The No Luck Club
Getting to Happy
by Terry McMillan
Viking | 400 pages | $27.95
Reviewed by Loretta H. Campbell
A crazy black woman shouted on a Brooklyn bus one day, "(Black) men lie!" This seems to be the opening theme in Terry McMillan's Getting to Happy, a variation on the romance genre made popular in her previous narratives, Waiting to Exhale and How Stella Got Her Groove Back. This novel is a follow-up on four Black middle-aged women, Gloria, Robin, Savannah, and Bernadine, from these previous books. Here they reconstruct their lives after various kinds of trauma, beginning with their troubled relationships with spouses, ex-spouses, midlife crises, and drug addiction.
The worst of these problems happens, in the case of Gloria, not because of her husband, Marvin, but to him. While running an errand, he becomes the victim of a drive-by shooting. Even in upscale Phoenix, Arizona, where these women live, Black people suffer from gang violence. His death echoes the kind of headlines read every day in some parts of the country.
Yet, it begs a question. Why is the only decent black man in the novel the one who dies a horrible death? Here we come to the theme in the aforementioned books and many of those in this genre. That is, decent Black men are an endangered species, especially because of the homicidal tendencies of their brothers. Even more disturbing: do black male criminals get away with killing decent black men? In this book, they do. When the police officers inform Gloria's son, himself a detective, of what has happened, he asks. "Do you have anybody in custody?"
"Not yet. When we got to the scene, they were of course, already gone. You know they do this shit, man."
This particular tragedy could be a book in itself. In it, McMillan presents what could have been a powerful symbol of loss. Just before hearing the news, Gloria drops a cartoon holding 18 eggs. Marvin's death comes on the eve of their 14th wedding anniversary. If the reader expects an in-depth look at harrowing grief, presaged by this image, they will find that is not what is offered. Instead, McMillan gives short shrift to the pain of this character.
True, we see that Gloria binges on food. She (Gloria) says her friends comfort her during crying jags, and she takes a chance on a business venture. Yet, these are examples of the success of having coped with help of her support system. What about the details of the day-to-day survival through wounding grief? As shown in this book, the grieving seems all too brief.
Meanwhile, Gloria's three friends are dealing with pain of a different kind from their menfolk. Their spouses and former spouses are, in one case, a bigamist, in another, a porn addict, and in a third, a lazy loser. Once again, we see that Black men are under threat, but not just from each other. Because in this novel, they lack morality and ethics, and they have no life force to sustain them--except from their spouses.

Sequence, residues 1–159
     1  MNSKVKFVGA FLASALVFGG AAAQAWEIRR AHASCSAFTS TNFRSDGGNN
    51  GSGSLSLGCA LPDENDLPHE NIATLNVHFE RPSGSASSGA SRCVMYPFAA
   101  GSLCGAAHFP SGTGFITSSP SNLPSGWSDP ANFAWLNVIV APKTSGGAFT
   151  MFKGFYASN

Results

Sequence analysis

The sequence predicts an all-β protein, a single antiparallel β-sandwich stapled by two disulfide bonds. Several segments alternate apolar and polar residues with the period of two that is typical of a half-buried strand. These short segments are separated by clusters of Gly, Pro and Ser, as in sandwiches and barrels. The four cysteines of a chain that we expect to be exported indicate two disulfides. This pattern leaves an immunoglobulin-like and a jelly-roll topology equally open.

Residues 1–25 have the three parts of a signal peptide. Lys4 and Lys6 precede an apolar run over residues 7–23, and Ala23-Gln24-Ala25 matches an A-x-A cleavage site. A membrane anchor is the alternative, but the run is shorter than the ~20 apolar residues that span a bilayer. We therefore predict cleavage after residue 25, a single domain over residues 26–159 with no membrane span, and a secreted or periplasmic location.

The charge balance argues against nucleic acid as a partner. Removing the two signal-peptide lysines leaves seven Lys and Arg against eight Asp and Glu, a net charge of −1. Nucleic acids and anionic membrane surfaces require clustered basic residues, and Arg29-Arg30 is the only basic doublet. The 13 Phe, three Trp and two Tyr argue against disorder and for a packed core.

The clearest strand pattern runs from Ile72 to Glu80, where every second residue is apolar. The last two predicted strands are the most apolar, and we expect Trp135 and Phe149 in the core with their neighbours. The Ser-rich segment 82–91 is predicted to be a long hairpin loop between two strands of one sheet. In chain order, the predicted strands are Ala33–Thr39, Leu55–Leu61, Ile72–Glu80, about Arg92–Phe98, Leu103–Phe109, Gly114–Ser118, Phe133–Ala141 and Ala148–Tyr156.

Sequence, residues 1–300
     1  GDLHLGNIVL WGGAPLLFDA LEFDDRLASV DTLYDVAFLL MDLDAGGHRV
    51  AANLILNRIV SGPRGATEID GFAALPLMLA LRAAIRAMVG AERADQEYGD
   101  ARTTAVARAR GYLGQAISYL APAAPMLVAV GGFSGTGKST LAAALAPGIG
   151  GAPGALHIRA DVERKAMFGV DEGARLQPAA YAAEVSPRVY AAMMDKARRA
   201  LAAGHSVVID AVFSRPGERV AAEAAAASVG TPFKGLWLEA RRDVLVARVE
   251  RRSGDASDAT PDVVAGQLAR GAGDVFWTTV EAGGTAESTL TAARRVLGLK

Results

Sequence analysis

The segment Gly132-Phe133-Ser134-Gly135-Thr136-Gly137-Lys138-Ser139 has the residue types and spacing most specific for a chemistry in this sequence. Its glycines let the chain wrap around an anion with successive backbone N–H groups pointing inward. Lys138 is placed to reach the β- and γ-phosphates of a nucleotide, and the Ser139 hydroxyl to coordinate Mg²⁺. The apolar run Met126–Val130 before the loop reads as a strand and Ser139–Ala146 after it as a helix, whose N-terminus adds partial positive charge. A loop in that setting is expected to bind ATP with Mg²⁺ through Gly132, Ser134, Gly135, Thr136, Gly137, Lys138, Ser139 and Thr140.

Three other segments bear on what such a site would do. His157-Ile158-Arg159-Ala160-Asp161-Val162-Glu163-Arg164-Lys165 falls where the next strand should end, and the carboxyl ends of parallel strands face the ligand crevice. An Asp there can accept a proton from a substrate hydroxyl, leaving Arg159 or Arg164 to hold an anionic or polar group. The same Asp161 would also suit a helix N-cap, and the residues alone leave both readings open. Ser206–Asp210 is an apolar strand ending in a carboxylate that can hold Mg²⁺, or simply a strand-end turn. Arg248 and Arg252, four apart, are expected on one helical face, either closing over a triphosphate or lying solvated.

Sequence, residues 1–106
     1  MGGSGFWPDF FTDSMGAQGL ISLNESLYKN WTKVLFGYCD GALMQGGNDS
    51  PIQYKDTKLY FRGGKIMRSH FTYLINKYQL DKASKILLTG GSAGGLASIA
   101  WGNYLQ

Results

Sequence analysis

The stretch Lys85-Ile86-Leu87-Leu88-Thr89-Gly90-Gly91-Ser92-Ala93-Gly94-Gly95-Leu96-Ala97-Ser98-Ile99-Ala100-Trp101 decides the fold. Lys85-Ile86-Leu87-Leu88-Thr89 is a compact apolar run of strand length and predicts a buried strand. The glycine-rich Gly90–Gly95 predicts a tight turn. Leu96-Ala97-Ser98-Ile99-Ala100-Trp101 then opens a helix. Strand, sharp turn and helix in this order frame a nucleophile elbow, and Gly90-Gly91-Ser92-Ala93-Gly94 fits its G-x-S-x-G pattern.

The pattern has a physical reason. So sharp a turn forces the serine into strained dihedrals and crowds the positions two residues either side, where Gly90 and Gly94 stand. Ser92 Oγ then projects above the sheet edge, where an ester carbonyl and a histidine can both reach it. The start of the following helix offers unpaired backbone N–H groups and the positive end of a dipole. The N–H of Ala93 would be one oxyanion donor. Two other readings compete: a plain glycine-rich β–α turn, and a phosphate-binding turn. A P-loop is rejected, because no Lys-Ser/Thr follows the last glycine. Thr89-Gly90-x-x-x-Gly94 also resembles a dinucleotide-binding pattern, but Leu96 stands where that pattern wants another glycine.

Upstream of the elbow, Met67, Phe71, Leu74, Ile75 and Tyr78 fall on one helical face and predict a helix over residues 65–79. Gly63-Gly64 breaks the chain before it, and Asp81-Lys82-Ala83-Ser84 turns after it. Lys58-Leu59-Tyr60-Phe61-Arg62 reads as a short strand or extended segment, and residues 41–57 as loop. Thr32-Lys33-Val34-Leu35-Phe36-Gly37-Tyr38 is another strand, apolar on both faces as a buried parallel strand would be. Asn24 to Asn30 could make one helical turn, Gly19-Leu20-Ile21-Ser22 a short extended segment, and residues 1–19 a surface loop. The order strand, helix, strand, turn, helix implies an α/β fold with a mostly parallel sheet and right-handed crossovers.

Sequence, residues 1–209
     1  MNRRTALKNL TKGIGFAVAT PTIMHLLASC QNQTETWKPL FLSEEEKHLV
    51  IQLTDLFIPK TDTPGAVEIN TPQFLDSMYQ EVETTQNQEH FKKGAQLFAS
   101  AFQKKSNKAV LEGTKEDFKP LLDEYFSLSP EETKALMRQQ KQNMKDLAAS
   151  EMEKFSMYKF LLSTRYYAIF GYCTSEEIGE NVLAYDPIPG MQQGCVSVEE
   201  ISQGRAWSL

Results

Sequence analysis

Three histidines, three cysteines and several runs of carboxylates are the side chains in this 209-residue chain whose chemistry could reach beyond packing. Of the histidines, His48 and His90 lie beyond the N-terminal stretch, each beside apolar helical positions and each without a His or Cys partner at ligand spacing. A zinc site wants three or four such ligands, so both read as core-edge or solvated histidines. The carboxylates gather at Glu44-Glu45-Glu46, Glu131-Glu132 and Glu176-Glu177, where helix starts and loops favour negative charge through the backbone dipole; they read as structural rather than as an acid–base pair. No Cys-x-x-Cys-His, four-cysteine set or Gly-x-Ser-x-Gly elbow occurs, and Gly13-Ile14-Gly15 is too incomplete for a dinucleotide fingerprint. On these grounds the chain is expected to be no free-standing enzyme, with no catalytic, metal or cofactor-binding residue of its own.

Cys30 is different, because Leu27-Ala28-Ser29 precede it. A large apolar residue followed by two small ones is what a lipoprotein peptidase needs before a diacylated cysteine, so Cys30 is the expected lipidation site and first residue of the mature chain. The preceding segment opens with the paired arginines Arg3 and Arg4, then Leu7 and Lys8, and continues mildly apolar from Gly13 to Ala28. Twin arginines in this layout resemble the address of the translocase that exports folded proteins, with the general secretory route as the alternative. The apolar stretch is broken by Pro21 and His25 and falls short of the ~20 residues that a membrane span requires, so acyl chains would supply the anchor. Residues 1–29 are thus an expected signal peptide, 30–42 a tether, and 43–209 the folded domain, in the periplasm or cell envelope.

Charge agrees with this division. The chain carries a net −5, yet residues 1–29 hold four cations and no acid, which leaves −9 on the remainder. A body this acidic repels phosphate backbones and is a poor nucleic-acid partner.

Said spouses have sacrificed financial security, and in one case, health, for these men. Why? As outlined in this book, Black women should expect to suffer at the hands of Black men. Our men are a danger to themselves and us, but they're all we've got or deserve. Interestingly, two of the men in the novel change their ways and seek to either apologize or make amends to their wronged former wives. However, the men do so after having been wronged themselves or imprisoned. The women in this book lament a great deal about the same thing, but seem to learn nothing. Neither does the reader.
That's because the book lacks clarity. First, it is difficult to distinguish one woman from another. The speech and tone are almost identical for all four of them.
When Savannah finds out her husband is a porn addict, she calls her sister for comfort.
"No, I just found out Isaac's been visiting a bunch of porn sites for the longest and I'm a little pissed off."
"I hope this isn't all you're tripping about?"
"If you saw the shit he's been doing and how much money he's been spending. I think you'd been a little pissed too."
"Girl all men spend money on porn sites. I'm grateful for 'em, if you want to know the truth. Saves me a lot of unnecessary energy."
Or, in another example, Robin is advising Bernadine on her (Bernadine's) upcoming blind date.
"Just remember you're not auditioning to be a Vegas dancer, so tone it down for everybody's sake. Call me if anything changes. Bye. And good luck. I swear to God, what some of us will do to get laid."
So much for the comfort of sisterhood. Although in fairness, the friends are nicer to each other in various parts of the book. Still, it's equally difficult to tell the children of these women apart, except for one in particular.
Diamond, Gloria's granddaughter, doesn't speak. We find out it's because she is being abused by her mother. The child hasn't spoken for years, and nobody has figured out why. This is so incongruous that it screams. These characters are all professional women, but none of them ask the obvious questions about why this child is not verbal. This bombshell comes toward the end of the book. Once again, it is a topic that could be a book in itself. Yet, it is blown past.